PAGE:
“So what if they are? What’s wrong with being successful?” says Dan A., on social media.
By Staff Writer, Concierge Medicine Today | With Social Media and Commentary Included Below from Industry Resources
“Concierge medicine must be treated seriously by physicians and patients alike because it is a concept that is here to stay. Paying a set annual fee for “special services” may appear to some to focus on money and greed but to others it may be redirecting the focus of medicine back to preventing disease and seeking wellness. If concierge physicians are successful in preventing illness and keeping patients healthier then it is in the best interest of patients, physicians and society as a whole.” ~Peter A. Clark SJ, PhD Professor of Medical Ethics and Director, Institute of Catholic Bioethics, Saint Joseph’s University
SUMMER 2015 – It’s a misconception that physicians participating in this style of practice (concierge medicine) are solely doing so to experience more financial success.
The data just simply doesn’t support it from this sector in healthcare. According to the trade publication, Concierge Medicine Today, Concierge Doctor Salaries average $100k-$300k per year. And memberships, typically they only cost patients of a concierge medicine practice an average of $135 per month.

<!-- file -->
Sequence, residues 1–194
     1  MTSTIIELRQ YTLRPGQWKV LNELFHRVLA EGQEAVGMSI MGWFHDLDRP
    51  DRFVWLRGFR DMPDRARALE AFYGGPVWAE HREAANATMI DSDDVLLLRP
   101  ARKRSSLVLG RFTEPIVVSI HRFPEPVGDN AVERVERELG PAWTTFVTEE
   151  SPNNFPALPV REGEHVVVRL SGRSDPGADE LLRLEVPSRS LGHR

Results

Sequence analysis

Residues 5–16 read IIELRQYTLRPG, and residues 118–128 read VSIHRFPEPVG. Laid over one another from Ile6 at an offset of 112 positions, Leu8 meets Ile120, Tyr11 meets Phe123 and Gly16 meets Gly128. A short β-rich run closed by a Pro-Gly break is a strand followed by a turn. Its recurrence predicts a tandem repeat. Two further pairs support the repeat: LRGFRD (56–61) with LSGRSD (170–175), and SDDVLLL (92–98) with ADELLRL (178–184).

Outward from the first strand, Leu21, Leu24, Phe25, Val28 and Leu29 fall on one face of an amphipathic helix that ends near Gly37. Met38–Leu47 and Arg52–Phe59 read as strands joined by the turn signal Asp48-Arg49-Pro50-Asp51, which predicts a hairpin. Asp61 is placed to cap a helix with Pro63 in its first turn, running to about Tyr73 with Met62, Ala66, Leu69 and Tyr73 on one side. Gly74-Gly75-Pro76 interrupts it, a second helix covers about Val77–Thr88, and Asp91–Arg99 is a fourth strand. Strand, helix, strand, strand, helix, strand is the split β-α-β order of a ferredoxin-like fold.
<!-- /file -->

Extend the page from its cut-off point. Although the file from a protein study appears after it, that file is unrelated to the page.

“Business is tough,” says Dr. Chris Ewin of 121MD in Fort Worth, TX. “If you are doing something just for the money, you are never going to enjoy it. You will be the hardest boss you have ever had. So, find something you love and pursue it. Follow this advice and you will set yourself up for an enjoyable future in medicine.”
On average, a Concierge Physician earns the equivalent salary of a specialist, such as a cardiologist or a radiologist. Most concierge doctors do a significant amount of charity work, often seeing about 10 percent of their patients free-of-charge or at a reduced fee.
“The claim that MDs who go into concierge and become millionaires is rarely true,” says Wayne Lipton of Concierge Choice in a commentary related to a Forbes article. “As someone who has been working with MDs for more than 30 years and talks to hundreds of doctors a year, I can tell you that most improve their economic and professional situations, and many do it just to survive. The goal of nearly all concierge physicians is to keep their practices independent and viable for their staff and patients. Additionally, for a physician with an established practice and a sound plan, financing a concierge practice conversion is a non-issue. If they align with a company that has experience with practice conversions, the costs to the practice are minimal. The risks are far greater if they attempt to build a concierge program from scratch, in which case they will more likely need a bankruptcy attorney. The other benefit to aligning with an experienced concierge care company is that it handles business development, allowing the physician and his staff to focus on doing what they do best—providing superior care to their patients.”